- Sports shoes lose the elastic properties of the soles through usage and age. A fair recommendation is to replace your shoes every six months or more often with greater wear. The use of replacement insoles can increase shock absorption and add support to the foot if necessary.
As Podiatrists we mainly see patients with knee pain caused by overuse injuries and those related to malalignment of the foot and lower leg. A vast majority of all lower back and knee problems, not caused by direct injury, are actually related to abnormal foot function and leg alignment. Studies show that foot related postural problems can refer pain to other parts of the body.
Factors contributing to overuse injuries of the knee include:
- Poor footwear
- Inappropriate training programmes and surfaces (hard/soft/uneven)
- Excessive pronation – an overpronated foot results in excessive internal rotation of the lower leg causing a twisting effect through the knee. The alignment of the knee joint itself and of the kneecap (patella) to the knee is affected. With increased load and use, as happens in sport, damage frequently occurs in and around the knee. The knee can suddenly become painful, inflamed, and swollen or as more often is the case, it comes on gradually as more wear and tear occurs.
- Excessive supination – a supinated foot is generally a poor shock absorber, causing impact forces during walking and running to be transferred up the lower leg and be absorbed by the knee. The knee then becomes prone to injury.
Some Common Knee Problems:
Patello-Femoral Syndrome – Inflamation and pain at the underside of the patella.
- Overuse/overload, biomechanical problems (pronation/supination), and muscular dysfunction (weakness of quadriceps muscles). The patella can track diagonally across the knee joint rather than within its normal channel causing joint damage.
- Repeated weightbearing impact and the demands of repetitive knee flexion and extension as in nearly every sporting situation.
- Squats, steps, hills, and uneven surfaces tend to exacerbate patellofemoral pain.
- Footwear should be assessed and appropriate footwear types prescribed
- Orthotics to control foot overpronation will reduce the twisting effect through the knee and promote normal knee function; orthoses to control excessive supination will stabilize the foot and provide cushioning and arch support. An orthotics effectiveness is greatly enhanced when used in conjunction with appropriate footwear.
- Prescribed stretching and strengthening exercises will assist the recovery process.
Iliotibial Band Syndrome (ITB) – the ITB is a fibrous band of tissue that begins at the front of the hip bone and extends down the outerside of the thigh to insert just below the knee joint. When the knee is extended (straight) the ITB is in front of a bump on the lower outer femur (thigh bone), but when the knee is flexed more than 30 degrees it flips behind it. ITB syndrome is caused by abnormal friction between the band and this prominent part of bone. When a foot overpronates (rolls in too much and for too long) this band of tissue is relatively tight and the friction it receives during activity is increased leading to inflammation and pain on the outside of the knee.
- Control of excessive pronation with the use of orthotics to allow the foot, leg, and knee to function in a better position, correctly distributing forces throughout the leg and decreasing tension/tightness in the iliotibial band.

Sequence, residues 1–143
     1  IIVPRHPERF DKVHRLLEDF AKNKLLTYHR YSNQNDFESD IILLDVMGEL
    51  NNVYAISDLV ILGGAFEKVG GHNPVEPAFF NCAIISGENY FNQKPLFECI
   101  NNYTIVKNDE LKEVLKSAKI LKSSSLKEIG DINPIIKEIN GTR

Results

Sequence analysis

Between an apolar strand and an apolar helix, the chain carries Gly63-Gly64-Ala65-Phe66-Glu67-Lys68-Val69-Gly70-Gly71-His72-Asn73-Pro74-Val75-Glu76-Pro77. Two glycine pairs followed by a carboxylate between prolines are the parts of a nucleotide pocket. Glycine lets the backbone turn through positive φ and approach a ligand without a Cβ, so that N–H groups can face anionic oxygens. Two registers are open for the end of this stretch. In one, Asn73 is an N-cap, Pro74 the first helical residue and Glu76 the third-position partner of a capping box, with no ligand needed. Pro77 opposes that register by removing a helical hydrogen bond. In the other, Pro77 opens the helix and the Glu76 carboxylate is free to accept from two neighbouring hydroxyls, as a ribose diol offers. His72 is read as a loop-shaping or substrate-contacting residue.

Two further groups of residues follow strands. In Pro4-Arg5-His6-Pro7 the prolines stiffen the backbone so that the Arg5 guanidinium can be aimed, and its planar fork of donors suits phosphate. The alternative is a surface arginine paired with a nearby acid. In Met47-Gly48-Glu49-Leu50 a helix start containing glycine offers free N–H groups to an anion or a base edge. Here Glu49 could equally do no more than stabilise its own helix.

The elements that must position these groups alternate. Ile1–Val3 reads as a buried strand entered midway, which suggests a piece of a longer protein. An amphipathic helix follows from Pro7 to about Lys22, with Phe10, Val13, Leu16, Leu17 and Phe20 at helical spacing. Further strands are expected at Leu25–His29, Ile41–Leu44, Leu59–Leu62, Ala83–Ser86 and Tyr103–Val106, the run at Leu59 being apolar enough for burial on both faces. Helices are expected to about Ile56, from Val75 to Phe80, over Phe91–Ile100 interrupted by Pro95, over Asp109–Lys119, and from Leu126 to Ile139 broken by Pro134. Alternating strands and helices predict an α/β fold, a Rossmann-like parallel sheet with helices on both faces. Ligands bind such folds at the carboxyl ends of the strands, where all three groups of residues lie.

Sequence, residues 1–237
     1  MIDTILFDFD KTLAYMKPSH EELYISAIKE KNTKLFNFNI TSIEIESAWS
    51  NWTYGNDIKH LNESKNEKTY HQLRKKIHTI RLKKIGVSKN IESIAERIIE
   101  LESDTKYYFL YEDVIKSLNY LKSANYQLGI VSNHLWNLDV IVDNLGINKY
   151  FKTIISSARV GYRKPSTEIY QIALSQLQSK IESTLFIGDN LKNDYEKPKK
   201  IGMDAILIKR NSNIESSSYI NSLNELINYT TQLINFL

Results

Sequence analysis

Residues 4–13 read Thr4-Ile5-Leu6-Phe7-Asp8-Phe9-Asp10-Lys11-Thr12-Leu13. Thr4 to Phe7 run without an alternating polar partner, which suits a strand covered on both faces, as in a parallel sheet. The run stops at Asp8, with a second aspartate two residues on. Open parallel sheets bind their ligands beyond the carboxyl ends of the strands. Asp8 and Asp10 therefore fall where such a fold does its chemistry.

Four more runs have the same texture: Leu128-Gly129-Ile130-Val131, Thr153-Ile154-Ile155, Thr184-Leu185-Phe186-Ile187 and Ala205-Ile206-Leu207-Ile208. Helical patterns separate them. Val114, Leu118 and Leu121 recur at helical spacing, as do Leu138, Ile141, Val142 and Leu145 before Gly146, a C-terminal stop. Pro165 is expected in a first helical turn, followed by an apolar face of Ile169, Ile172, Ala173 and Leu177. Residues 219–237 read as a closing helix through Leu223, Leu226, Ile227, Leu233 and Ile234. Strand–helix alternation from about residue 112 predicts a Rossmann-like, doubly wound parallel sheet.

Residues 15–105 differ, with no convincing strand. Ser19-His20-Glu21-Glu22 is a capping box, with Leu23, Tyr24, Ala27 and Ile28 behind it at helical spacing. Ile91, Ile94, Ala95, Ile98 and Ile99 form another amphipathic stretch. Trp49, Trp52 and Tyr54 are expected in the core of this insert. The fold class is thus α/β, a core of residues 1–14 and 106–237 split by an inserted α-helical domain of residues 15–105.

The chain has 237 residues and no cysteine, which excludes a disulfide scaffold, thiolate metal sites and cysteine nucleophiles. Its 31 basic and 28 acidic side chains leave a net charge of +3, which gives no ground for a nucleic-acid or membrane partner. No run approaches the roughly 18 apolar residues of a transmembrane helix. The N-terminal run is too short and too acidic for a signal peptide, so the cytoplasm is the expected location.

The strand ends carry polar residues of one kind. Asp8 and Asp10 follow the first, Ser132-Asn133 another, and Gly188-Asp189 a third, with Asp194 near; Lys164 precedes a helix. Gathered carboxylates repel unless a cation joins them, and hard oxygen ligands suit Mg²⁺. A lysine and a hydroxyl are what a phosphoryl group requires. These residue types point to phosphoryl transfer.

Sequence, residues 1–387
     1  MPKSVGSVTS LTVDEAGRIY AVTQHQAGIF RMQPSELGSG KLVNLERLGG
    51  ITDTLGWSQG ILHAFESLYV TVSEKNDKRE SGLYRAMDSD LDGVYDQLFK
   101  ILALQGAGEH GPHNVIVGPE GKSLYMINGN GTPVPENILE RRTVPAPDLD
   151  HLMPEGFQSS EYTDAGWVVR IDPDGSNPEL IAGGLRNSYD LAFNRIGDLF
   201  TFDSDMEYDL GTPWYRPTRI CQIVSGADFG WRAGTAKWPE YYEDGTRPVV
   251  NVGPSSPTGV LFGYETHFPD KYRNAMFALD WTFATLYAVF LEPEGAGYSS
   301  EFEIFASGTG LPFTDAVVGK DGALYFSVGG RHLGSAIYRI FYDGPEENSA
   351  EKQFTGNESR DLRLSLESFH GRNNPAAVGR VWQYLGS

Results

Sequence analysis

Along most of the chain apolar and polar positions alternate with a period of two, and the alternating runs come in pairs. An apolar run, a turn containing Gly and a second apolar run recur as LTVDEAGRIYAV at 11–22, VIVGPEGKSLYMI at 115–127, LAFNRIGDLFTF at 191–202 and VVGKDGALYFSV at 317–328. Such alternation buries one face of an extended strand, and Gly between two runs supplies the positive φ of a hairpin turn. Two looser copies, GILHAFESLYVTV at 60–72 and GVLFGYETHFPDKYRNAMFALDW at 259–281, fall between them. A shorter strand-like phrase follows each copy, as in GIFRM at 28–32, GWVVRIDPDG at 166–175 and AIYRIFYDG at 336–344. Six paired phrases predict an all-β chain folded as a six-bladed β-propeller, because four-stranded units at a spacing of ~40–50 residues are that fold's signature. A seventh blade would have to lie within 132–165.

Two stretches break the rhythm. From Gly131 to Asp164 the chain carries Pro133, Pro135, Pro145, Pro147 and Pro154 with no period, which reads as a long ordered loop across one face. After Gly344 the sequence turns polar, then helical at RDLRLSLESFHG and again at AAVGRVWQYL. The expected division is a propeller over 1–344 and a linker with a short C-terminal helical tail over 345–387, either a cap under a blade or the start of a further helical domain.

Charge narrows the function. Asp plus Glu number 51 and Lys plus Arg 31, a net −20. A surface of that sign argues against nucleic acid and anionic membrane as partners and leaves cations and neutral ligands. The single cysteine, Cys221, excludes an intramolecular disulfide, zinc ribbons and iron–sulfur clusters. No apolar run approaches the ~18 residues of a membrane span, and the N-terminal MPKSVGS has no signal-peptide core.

- Additional therapy, stretching, strengthening exercises may be prescribed as might an enforced period of complete cessation of activity for a time.
Osgood-Schlatters Disease – Occurs commonly in growing children, particularly those involved in sport, most often between the ages of 10-14. Pain is caused by inflammation to the growth plate below and in front of the knee where the quadriceps muscles attach to the lower leg via the patella tendon. The patella tendon is a relatively thick tendon (much like the Achilles tendon at the ankle) as it needs to be strong enough to withstand the forces applied to straighten the knee from a fully flexed position under extreme load. In children, excessive pulling at this site can cause separation or traction injury to the growth plate creating pain. The growth plate fuses with the main body of the tibia at around the age of 14 and this area of relative weakness no longer exists. Therefore, the condition is self-limiting but nevertheless can interfere with normal leg function and ability to play sport when severe.
- Avoid activities that aggravate the condition such as kneeling or excessive flexion of the knee e.g. squats, cycling, inclines, running
- Ice the area when pain and swelling is evident
- Anti-inflammatory medications may give temporary relief
- Control underlying poor foot mechanics via orthotics to stabilize the knee
Excessive internal rotation of the femur is very often caused by biomechanical factors that present in certain foot types. If the structure and function of our feet creates lower limb instability, then it is quite possible that the hips may suffer as a result of this poor motion and alignment. Hip pain can often be traced to excessive rotator muscle activity and changes in pelvic alignment, and is often associated with compression of the sciatic nerve.
Hip pain may be the end result of poor mechanics through the lower limb, but conversely, restrictions in hip range of motion and function can be the causative factor of problems found further down the leg.
Careful assessment is necessary to determine the amount of influence the feet are having. Treatment may include hip stretches, strengthening exercises for muscles associated with pelvic stability, and prescription foot orthotics to improve pelvic stability.
One common overuse injury causing hip pain is Greater Trochanteric Bursitis. This is particularly common in women due to increased hip width.
Greater Trochanteric Bursitis – The greater trochanter is the boney prominence able to be felt on the outer side of the femur and is the outermost part of the hip joint. There is a bursa (sac filled with lubricating fluid) which is trapped between the prominent bone and the muscles and tendons that move the hip joint. The bursas job is to stop wear and tear of those soft tissues as they pass over and around the outer hip. This bursa can become very inflamed and painful as it absorbs the shearing stress from moving soft tissue and bone.
As with most injuries or pain, symptoms can either be acute (where the pain will appear suddenly) or chronic (where the pain increases over time) due to wear and tear.
Podiatrists usually deal with the overuse injuries as they are often due to abnormal foot biomechanics. The cause of the bursitis is often unstable pelvic movement and therefore treatment often involves orthotics to stabilize the motion of the feet, legs, and pelvis.
Treatment may also involve rest, stretching and strengthening exercises. Physiotherapists and Podiatrists may work hand in hand to achieve optimum results for the patient.